Shih-Poos need to be fed a high quality diet of dry dog food. Dry kibble is essential as this crossbreed tends to have dental problems, including premature tooth loss. Dry food can help to prevent this as well as caries, gum disease and bad breath. This crossbreed has the tendency to overeat so careful monitoring of the Shih-Poo’s caloric intake is important to his overall health and well-being.

Although generally bright, the Shih-Poo is quite stubborn, especially when it comes to training.

Although generally bright, the Shih-Poo is quite stubborn, especially when it comes to training. He doesn’t feel the need to learn how to behave, do tricks or even go outdoors to use the bathroom. In order for the Shih-poo to become reliable in the house, it may take as long as one year of stringently bringing him outside until he does his business. Crate training may help cut down on this time however; many Shih-Poos don’t mind urinating and defecating in their crates.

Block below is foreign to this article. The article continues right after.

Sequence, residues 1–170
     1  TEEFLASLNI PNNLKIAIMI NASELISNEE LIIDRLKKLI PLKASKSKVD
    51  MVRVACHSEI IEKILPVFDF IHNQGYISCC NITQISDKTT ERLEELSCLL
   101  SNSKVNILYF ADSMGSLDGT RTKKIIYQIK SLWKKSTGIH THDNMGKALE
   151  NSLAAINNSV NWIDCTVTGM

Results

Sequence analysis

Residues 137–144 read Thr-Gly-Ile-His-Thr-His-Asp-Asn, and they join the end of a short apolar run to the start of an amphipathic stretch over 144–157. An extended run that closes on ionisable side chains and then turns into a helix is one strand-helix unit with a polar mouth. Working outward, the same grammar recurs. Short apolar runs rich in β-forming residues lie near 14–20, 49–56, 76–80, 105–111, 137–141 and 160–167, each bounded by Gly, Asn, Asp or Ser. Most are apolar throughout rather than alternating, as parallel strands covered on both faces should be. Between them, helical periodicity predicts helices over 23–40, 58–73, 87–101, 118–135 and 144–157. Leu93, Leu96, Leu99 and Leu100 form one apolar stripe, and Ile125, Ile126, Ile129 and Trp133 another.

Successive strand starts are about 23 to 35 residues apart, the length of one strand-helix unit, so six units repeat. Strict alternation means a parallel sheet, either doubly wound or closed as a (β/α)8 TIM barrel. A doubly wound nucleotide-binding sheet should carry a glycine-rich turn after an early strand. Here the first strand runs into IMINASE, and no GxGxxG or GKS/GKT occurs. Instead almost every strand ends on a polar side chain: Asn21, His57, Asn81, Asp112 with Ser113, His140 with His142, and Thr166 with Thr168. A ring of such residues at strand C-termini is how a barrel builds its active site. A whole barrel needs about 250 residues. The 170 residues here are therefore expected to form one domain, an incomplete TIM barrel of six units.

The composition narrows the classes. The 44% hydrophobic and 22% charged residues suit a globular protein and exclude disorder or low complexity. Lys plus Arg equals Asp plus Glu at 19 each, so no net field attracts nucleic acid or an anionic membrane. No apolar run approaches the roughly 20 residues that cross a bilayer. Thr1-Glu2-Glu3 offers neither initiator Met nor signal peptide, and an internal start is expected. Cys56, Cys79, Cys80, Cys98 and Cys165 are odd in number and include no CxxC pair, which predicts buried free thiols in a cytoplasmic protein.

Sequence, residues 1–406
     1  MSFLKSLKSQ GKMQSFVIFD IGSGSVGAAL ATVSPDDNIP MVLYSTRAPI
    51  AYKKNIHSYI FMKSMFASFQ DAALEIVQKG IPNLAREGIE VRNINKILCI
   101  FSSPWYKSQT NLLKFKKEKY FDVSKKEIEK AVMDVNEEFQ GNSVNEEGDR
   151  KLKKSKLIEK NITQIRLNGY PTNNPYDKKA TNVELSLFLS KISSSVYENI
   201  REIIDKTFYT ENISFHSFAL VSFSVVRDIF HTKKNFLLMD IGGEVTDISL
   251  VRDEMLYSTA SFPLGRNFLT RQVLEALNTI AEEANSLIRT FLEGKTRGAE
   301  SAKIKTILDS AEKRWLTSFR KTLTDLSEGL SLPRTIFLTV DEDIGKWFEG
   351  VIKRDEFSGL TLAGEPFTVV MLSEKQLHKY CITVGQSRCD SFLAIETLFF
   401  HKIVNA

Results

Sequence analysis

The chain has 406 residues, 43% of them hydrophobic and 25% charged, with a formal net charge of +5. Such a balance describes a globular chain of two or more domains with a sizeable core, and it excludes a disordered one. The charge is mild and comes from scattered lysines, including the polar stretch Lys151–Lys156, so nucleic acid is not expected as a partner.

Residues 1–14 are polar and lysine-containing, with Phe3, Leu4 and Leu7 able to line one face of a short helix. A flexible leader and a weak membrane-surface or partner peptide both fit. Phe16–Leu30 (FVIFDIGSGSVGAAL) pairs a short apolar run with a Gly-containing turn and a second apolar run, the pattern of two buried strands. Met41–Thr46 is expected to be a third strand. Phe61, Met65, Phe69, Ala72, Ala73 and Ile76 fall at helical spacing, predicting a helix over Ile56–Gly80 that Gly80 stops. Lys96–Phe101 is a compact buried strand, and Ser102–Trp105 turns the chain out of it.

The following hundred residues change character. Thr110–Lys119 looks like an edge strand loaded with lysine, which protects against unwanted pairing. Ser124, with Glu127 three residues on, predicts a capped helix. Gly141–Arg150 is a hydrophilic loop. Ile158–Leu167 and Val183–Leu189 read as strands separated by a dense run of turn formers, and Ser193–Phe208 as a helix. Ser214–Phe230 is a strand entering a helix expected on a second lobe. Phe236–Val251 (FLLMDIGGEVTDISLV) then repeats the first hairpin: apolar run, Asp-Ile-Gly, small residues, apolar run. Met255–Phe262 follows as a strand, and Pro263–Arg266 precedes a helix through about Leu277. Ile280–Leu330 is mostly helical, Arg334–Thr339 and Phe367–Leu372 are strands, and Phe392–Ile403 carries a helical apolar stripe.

All training should be done using positive methods. Yummy rewards and excited praise will help make training sessions go more smoothly. Shih-Poos have short attention spans so sessions should be quite short but done repetitively throughout the day.

Shih-Poos can weigh anywhere from 8 and 18 pounds and stand from 8 to 13 inches tall at the withers.

The Shih-Poo is a mix of Shih Tzu and Toy Poodle breeds.Shih-Poos are playful and energetic dogs. They love to chase after balls, play with squeaky toys or drag stuffed animals around the house with them. Generally, the Shih-Poo makes a great playmate for older, respectful children but won’t tolerate harsh handling or hair pulling. Because the Shih-Poo is a crossbreed, some are accepting and affectionate toward strangers while others are reserved or shy around them. They love to cuddle with their owners and expect to sleep in bed with them at night.

The Shih-Poo loves to hear himself bark. He could listen to his own voice all day and all night long. Training the dog to quiet on command can be difficult however; it is essential if you’d like to keep your sanity and avoid problems with your neighbors.